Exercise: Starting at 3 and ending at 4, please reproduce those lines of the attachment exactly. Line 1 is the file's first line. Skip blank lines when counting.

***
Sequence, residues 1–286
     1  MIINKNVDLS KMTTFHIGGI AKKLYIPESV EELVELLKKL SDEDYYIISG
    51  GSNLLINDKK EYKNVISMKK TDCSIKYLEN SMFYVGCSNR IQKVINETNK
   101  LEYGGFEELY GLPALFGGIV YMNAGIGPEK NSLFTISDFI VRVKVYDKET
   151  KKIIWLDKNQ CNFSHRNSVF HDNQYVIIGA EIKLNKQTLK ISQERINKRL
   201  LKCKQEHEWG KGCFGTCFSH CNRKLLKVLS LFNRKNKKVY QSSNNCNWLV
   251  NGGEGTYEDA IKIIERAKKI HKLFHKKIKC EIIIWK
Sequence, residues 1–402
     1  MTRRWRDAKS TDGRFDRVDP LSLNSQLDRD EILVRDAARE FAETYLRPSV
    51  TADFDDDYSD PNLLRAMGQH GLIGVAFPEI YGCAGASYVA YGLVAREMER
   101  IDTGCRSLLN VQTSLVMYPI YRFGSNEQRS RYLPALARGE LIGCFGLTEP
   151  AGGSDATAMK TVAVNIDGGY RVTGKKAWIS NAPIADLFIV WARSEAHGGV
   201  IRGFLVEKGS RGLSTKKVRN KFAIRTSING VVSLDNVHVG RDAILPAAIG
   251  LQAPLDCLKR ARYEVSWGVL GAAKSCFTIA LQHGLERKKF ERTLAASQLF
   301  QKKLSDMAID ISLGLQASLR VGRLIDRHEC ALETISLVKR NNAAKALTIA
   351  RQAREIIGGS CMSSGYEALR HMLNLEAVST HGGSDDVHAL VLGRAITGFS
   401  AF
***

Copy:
    51  GSNLLINDKK EYKNVISMKK TDCSIKYLEN SMFYVGCSNR IQKVINETNK
   101  LEYGGFEELY GLPALFGGIV YMNAGIGPEK NSLFTISDFI VRVKVYDKET